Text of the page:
Compression level be gone

Discussion in 'Acronis True Image Product Line' started by GroomLake, Aug 7, 2007.

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  1. GroomLake

    GroomLake Registered Member

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    I do my imaging without any compression. I think allows for a greater possibility of a successful restore. Sure the images my use a little more room but the backups are done in a simpler manner. All most like going native.
     
  2. random110

    random110 Registered Member

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    I'm not sure I would agree with you. I have done backup and recoveries with all levels of compression, and I have never noticed much of a difference. I certainly do not think my backups with max compression are more likely to fail...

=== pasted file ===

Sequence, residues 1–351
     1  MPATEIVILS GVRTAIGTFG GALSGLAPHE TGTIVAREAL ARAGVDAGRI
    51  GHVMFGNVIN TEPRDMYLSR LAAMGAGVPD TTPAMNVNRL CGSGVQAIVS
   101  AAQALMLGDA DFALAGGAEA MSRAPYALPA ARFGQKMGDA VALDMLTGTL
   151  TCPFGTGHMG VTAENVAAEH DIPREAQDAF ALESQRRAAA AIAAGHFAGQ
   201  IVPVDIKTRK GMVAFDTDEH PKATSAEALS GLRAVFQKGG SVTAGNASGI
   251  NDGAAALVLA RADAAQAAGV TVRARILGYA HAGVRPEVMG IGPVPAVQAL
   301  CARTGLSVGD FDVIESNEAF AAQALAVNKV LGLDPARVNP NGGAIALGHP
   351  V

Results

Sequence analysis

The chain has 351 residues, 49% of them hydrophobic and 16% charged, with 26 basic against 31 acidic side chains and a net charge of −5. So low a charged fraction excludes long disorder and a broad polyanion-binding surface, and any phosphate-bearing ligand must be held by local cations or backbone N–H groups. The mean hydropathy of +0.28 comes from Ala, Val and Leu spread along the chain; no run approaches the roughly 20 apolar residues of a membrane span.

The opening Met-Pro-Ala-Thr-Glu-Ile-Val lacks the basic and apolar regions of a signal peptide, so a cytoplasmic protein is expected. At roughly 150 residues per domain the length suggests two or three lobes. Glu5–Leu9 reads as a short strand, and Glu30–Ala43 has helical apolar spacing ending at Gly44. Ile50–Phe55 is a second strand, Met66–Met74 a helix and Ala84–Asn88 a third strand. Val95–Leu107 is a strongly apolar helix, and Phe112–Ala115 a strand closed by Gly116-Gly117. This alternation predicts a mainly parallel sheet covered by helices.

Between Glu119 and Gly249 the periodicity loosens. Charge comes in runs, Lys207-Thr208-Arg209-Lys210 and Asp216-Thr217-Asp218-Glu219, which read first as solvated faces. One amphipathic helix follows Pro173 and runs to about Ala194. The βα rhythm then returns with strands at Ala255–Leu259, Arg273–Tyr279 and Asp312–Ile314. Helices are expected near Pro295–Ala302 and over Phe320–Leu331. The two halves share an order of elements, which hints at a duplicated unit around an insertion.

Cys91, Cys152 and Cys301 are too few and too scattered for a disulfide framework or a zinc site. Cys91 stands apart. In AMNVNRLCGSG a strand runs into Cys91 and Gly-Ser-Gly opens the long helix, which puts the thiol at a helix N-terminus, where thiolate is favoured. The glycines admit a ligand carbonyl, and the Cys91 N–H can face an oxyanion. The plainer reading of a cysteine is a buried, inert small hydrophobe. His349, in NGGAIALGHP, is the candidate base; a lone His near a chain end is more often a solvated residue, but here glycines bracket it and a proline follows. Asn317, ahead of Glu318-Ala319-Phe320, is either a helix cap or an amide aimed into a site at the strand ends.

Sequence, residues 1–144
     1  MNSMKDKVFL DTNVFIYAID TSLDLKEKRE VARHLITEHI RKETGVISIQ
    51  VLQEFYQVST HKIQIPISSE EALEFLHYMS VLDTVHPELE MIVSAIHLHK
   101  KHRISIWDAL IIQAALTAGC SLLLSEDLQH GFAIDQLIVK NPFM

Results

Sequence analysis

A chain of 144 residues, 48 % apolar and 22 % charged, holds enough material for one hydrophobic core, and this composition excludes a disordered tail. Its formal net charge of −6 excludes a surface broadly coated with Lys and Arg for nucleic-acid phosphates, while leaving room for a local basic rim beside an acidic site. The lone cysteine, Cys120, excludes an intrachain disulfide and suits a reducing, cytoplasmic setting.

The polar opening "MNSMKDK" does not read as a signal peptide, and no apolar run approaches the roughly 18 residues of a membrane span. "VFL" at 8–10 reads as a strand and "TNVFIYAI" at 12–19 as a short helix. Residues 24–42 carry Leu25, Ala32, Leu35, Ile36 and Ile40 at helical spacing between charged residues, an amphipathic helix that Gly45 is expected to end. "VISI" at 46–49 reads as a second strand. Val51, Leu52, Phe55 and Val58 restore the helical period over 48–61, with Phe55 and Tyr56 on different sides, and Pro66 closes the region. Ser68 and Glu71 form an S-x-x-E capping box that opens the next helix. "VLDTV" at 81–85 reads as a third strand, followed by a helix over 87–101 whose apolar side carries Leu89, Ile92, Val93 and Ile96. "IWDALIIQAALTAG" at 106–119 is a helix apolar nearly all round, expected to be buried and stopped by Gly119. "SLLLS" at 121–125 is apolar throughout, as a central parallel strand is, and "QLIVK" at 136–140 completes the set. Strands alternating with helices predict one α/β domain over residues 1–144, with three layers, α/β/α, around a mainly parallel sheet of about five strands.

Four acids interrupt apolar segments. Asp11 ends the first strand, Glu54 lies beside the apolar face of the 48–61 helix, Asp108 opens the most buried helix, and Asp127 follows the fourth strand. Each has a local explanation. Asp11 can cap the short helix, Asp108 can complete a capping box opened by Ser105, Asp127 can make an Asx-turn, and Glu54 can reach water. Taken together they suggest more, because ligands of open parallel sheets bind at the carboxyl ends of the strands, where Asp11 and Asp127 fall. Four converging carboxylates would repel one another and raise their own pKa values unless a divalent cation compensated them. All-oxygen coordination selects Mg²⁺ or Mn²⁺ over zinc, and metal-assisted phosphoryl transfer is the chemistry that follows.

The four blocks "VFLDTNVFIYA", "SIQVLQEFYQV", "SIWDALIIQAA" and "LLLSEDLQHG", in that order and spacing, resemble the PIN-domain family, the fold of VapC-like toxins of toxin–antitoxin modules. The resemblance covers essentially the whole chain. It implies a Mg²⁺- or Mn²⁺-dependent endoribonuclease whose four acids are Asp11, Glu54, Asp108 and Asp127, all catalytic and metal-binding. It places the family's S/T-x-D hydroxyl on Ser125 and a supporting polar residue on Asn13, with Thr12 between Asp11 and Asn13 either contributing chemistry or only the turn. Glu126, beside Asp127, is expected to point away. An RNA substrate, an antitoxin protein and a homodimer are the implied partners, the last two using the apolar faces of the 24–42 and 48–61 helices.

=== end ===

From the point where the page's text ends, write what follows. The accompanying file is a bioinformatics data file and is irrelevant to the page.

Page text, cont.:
3. GroomLake

    GroomLake Registered Member

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    The differences will show up on a system that is marginal. The marginal system is good for everyday use but restoring an image that was compressed is to much for it to handle.
     
  4. random110

    random110 Registered Member

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    Sorry, what do you mean by a marginal system?
     
  5. GroomLake

    GroomLake Registered Member

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    My definition of a marginal system is any system that when STRESSED will have a tendency to breakdown.